Last night on The Factor, Megyn Kelly and I debated the concept of white privilege whereby some believe that if you are Caucasian you have inherent advantages in America.

Talking Points does not, does not believe in white privilege. However, there is no question that African-Americans have a much harder time succeeding in our society. Even whites do. But the primary reason is not skin color. It’s education and not only book learning. Here are the facts.

According to the Bureau of Labor Statistics, the unemployment rate for black Americans is 11.4 percent. It’s just over five percent for whites, 4.5 percent for Asians. So, do we have Asian privilege in America? Because the truth is, that Asian American households earn far more money than anyone else. The median income for Asians, close to $69,000 a year; it’s 57,000 for whites’ $33,000 for black — so the question becomes why? And the answer is found in stable homes and in emphasis on education; 88 percent of Asian Americans graduate from high school compared to 86 for whites and just 69 percent for blacks. That means 31 percent of African-Americans have little chance to succeed in the free marketplace because they are uneducated. They are high school dropouts.

Asian Americans also tend to keep their families intact. Just 13 percent of Asian children live in single parent homes compared to a whopping 55 percent for blacks and 21 percent for whites. So, there you go. That is why Asian Americans, who often have to overcome a language barrier, are succeeding far more than African-Americans and even more than white Americans. Their families are intact and education is paramount.

American children must learn not only academics but also civil behavior, right from wrong, as well as how to speak properly and how to act respectfully in public. If African-American children do not learn those things, they will likely fail as adults. They will be poor. They will be angry, and they often will be looking to blame someone else.

One caveat, the Asian American experience historically has not been nearly as tough as the African-American experience. Slavery is unique and it has harmed black Americans to a degree that is still being felt today, but in order to succeed in our competitive society, every American has to overcome the obstacles they face. And here is where the African-American leadership in America is failing.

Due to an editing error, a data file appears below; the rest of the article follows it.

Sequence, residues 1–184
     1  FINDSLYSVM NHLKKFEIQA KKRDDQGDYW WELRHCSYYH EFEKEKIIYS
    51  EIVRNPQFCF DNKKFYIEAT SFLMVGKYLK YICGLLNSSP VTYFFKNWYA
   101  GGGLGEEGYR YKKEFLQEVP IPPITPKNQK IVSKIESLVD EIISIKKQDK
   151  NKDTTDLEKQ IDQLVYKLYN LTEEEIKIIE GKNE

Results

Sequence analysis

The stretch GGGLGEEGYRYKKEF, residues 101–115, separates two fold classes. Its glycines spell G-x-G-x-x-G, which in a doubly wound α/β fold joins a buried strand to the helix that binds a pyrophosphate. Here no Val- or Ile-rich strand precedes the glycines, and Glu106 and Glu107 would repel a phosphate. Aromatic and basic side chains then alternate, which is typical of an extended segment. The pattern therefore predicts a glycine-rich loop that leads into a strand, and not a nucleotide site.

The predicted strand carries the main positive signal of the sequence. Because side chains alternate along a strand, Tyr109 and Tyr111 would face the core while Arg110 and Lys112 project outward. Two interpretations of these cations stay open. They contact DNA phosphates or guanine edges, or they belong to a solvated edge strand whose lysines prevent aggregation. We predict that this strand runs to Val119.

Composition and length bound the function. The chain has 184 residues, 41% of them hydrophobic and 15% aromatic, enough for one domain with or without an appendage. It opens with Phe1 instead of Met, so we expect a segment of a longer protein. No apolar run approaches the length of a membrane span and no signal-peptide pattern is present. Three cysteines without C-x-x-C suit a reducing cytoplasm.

Instead of preaching a cultural revolution, the leadership provides excuses for failure. The race hustlers blame white privilege, an unfair society, a terrible country. So the message is, it’s not your fault if you abandon your children, if you become a substance abuser, if you are a criminal. No, it’s not your fault; it’s society’s fault.

That is the big lie that is keeping some African-Americans from reaching their full potential. Until personal responsibility and a cultural change takes place. Millions of African-Americans will struggle. And their anger, some of it justified will seethe. The federal government cannot fix this problem. Only a powerful message of responsibility can turn things around. And that’s “The Memo”.

It comes down to this.

I ask anyone the same question I ask myself every day:

What will you do
today
to improve your lot
today?

On the other hand, many people are incapable of responsibility, for reason that they lack any understanding of cause and effect.  I will discuss this more in a subsequent post, How municipalities in St. Louis County, Mo., profit from poverty, currently scheduled for release November 29.

FOOTNOTE, 2014-10-24:  Remark from my diary:  “Responsibility presumes ownership of power. But ownership of power is impossible without a grasp of cause and effect.”

(Originally posted 2014-09-13.)

Podcast – Rich and poor

If I prosper, will God love me?

The William Tell Show — Rich and poor

Mike and the Mechanics, “The Living Years”

Related:  Questia – Martin E. Marty, “An ordinary oppressor”